The resilience plan includes projects in five priority areas: civic engagement, health and sanitation, private-sector partnerships, energy efficiency and inclusive governance.

One idea is to introduce the concept of resilience in early education, teaching children about environmental responsibility and what it means to be a citizen.

Another is the creation of a brand to promote local crafts and goods with the label “#MadeinDakar,” increasing artisans’ visibility and helping them partner with formal businesses.

“One thing I like about this strategy is that it’s a mix between ambitious things and do-able, funded things,” 100RC President Michael Berkowitz told the Thomson Reuters Foundation.

One of the more ambitious goals is to install a city-wide recycling system. Waste management is a major problem in Senegal, where there are few opportunities for recycling and many citizens are unaware of its importance.

But a relatively low-cost step identified in the strategy is to organize horse-cart drivers, who do informal trash collection, to partner with the city and pick up different kinds of waste.

Dakar was one of the first cities selected in 2013 to join the 100RC network, and is also the first Francophone city to publish its strategy, with Paris and Montreal planning to do so later this year.

Dakar’s Chief Resilience Officer Antoine Faye said the next step would be to instill ownership of the initiative in the local population, working with youth groups, women’s organizations and the media to spread the message.

“When we talk about this city’s capital, the most important is the human one,” he told the Thomson Reuters Foundation. “We are going to try to impact people’s behavior.”

0
Economy & business
0 Comments

January Jobs Report Boosts Stocks

U.S. stocks closed in the green this week following a better-than-expected January employment report that handily topped consensus estimates, even though wage growth disappointed slightly.

“This is good for corporations because it shows that they are hiring more people and growing while paying low wages,” said Phil Davis, founder of Philsstockworld.com. He said that “0.1 percent wage inflation for the month translates to 1.2 percent per year, which is nothing.”

The Dow Jones industrial average closed back over 20,000 Friday for its best day of 2017, on the back of Visa, which reported blowout earnings after the market close Thursday.

Watch: Workers Must Train for Jobs Computers and Robots Can’t Do

Meanwhile, the Nasdaq Composite Index closed at an all-time high as tech earnings mostly continued to beat estimates this week.

Deregulation

Financials led market gains after reports that President Donald Trump and his administration announced steps to roll back regulatory laws contained in the Dodd-Frank Wall Street Reform and Consumer Protection Act that was  enacted in the wake of the 2008 financial crisis. Morgan Stanley, Citigroup, Goldman Sachs, JPMorgan and Bank of America all rallied on the news by nearly 2 percent.

The administration also wants to delay and review for the next 90 days a regulation designed to force retirement advisers to work in the best interest of their clients. That “fiduciary rule” is set to take effect in April. Gary Cohn, director of the White House’s National Economic Council and a former executive at Goldman Sachs, told CNBC that the rule was “completely misintended.”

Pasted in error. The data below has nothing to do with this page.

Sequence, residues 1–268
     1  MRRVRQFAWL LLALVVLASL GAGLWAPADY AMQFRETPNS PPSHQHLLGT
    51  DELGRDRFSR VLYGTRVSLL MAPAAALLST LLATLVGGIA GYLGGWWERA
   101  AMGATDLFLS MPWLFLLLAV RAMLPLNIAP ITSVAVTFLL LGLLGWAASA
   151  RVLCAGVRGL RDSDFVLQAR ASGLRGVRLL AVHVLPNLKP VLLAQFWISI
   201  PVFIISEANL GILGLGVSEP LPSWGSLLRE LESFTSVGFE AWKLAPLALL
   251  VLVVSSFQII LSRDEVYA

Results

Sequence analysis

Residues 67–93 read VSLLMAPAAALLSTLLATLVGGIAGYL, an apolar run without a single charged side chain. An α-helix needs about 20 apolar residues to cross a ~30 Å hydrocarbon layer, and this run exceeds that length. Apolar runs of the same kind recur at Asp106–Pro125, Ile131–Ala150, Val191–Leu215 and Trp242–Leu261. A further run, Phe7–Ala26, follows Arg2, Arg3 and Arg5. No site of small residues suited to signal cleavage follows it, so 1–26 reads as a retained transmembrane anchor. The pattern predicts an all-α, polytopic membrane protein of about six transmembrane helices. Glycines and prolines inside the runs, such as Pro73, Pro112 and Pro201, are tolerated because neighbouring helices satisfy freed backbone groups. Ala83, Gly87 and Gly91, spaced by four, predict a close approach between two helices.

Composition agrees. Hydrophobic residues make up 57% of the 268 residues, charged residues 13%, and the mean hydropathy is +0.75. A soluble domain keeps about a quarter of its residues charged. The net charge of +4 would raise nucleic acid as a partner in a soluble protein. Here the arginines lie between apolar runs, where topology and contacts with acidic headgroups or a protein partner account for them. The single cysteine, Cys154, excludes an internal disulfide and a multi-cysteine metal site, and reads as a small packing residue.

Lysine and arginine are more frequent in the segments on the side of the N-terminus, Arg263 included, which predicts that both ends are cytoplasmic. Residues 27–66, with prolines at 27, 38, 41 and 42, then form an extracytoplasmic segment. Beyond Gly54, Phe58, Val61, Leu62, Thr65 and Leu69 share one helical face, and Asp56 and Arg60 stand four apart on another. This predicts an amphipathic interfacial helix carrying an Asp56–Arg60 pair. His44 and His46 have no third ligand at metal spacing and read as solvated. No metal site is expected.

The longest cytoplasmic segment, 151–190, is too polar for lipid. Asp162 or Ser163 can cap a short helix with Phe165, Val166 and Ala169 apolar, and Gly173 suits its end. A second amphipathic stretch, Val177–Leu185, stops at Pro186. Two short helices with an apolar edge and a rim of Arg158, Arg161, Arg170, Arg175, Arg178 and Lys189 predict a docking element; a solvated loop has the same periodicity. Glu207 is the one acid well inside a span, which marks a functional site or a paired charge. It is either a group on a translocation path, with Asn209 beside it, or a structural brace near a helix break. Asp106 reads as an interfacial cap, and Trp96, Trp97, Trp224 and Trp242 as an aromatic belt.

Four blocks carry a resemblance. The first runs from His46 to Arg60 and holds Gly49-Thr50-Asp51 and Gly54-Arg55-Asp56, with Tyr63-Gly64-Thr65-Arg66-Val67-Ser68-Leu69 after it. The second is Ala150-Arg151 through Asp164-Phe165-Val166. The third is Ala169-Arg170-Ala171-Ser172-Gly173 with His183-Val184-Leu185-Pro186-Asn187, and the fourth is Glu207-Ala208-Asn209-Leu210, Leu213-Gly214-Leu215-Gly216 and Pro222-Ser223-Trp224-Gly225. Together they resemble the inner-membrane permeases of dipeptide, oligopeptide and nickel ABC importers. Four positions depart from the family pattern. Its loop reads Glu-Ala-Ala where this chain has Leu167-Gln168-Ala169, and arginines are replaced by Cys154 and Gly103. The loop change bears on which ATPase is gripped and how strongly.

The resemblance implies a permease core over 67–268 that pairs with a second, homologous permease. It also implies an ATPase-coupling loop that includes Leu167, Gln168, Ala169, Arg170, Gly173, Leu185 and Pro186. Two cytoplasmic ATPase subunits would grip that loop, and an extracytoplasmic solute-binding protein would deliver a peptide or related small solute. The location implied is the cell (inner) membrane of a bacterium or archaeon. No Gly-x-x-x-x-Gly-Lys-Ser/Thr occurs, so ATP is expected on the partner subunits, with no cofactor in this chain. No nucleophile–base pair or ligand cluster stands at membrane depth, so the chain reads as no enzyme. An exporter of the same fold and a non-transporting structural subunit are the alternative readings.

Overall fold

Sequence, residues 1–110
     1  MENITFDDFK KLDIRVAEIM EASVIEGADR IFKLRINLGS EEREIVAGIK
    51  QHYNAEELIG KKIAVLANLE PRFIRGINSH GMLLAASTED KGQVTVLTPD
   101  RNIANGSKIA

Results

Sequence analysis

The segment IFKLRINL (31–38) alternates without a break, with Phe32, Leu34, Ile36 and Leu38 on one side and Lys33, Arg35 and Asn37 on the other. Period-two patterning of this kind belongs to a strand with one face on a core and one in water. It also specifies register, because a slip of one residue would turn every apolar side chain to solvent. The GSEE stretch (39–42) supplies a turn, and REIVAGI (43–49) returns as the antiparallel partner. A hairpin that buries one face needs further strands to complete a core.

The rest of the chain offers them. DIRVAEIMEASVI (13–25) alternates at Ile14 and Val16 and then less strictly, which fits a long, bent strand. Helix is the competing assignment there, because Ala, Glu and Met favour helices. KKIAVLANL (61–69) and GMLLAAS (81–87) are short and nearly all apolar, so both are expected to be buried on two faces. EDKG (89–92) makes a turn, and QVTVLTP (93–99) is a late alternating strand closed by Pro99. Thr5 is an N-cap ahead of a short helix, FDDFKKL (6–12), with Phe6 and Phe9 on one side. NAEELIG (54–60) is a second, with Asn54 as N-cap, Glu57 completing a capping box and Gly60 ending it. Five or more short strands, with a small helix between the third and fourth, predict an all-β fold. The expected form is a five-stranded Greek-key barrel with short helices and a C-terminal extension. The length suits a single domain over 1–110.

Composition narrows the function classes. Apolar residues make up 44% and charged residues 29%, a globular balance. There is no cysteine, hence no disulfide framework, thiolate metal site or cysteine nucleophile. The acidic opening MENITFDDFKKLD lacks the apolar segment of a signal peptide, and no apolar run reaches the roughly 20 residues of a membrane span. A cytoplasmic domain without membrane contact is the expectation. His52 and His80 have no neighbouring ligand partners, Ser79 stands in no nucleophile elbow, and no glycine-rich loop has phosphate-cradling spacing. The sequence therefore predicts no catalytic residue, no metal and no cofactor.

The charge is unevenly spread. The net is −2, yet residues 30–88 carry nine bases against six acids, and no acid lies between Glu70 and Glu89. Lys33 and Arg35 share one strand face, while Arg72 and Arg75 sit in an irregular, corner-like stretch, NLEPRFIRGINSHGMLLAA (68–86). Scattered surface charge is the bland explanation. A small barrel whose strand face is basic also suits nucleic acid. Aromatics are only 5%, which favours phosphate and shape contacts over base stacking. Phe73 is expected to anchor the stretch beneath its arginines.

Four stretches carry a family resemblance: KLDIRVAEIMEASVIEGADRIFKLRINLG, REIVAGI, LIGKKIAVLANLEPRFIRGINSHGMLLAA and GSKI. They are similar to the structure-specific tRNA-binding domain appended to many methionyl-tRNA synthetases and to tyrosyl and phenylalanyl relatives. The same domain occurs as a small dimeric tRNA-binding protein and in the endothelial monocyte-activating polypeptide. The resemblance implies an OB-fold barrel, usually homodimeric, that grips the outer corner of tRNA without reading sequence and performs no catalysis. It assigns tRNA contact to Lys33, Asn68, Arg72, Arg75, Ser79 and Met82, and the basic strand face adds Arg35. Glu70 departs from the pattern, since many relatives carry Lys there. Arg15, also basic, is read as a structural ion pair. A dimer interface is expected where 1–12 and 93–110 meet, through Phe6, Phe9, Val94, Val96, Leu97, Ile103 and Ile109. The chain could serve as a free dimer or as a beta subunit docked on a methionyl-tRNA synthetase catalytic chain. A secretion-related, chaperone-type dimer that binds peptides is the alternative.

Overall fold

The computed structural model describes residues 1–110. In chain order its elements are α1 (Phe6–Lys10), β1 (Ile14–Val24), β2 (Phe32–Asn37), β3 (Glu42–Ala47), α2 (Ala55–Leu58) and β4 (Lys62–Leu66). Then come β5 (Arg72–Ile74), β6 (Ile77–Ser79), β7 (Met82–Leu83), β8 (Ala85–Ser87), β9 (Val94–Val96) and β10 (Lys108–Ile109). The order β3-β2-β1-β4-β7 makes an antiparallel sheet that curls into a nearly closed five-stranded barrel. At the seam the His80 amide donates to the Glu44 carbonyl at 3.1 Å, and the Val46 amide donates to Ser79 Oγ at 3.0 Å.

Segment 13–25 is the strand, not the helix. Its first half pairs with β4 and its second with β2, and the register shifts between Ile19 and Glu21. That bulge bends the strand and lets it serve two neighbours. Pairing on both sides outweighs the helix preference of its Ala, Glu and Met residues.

Online brokers such as TD Ameritrade, E*Trade and Charles Schwab and mutual fund firms T. Rowe Price and Legg Mason moved higher on the move to repeal the rule.

Investor focus

While financials celebrated the latest executive order on Dodd-Frank, business leaders were increasingly divided on the new administration’s approaches to taxes and immigration, particularly tech companies, which are the most concerned about the travel ban announced last week. Investors were looking for clarity as well.

“Equity investors have been clamoring for specifics on the timing and details of Trump’s tax plans — which simply aren’t available to know just yet and seem likely to remain unknowable for quite some time — and have been struggling to understand the implications of some of the pieces of tax reform being floated for the companies they follow [in particular, border adjustment],” Credit Suisse analysts said in a research report. “Meanwhile, more controversial issues with less clear implications for the broader equity market have moved into the national spotlight, like health care policy, immigration and global trade policy.”

Trading week ahead

The earnings parade marches on with mostly retail, industrial and material companies on tap, as well as Twitter.

While China will begin to report its January 2017 data set after the Lunar New Year holiday, there are few if any potentially market-moving data reports on tap in the U.S., Europe or Japan next week.

A handful of Federal Reserve speakers will be on the circuit, and the U.K. Parliament will continue to debate and then vote next week on whether to trigger Article 50 and start the process of leaving the European Union.

As of now, traders have completely shifted their focus to what Trump and his administration will be doing on a macro level and what specific sectors will be affected.

“You really have to be on your toes to trade this market,” Davis said. “There is the potential for volatility in this market, and you have to be on top of the news and pay attention for what’s coming out of Washington.”

1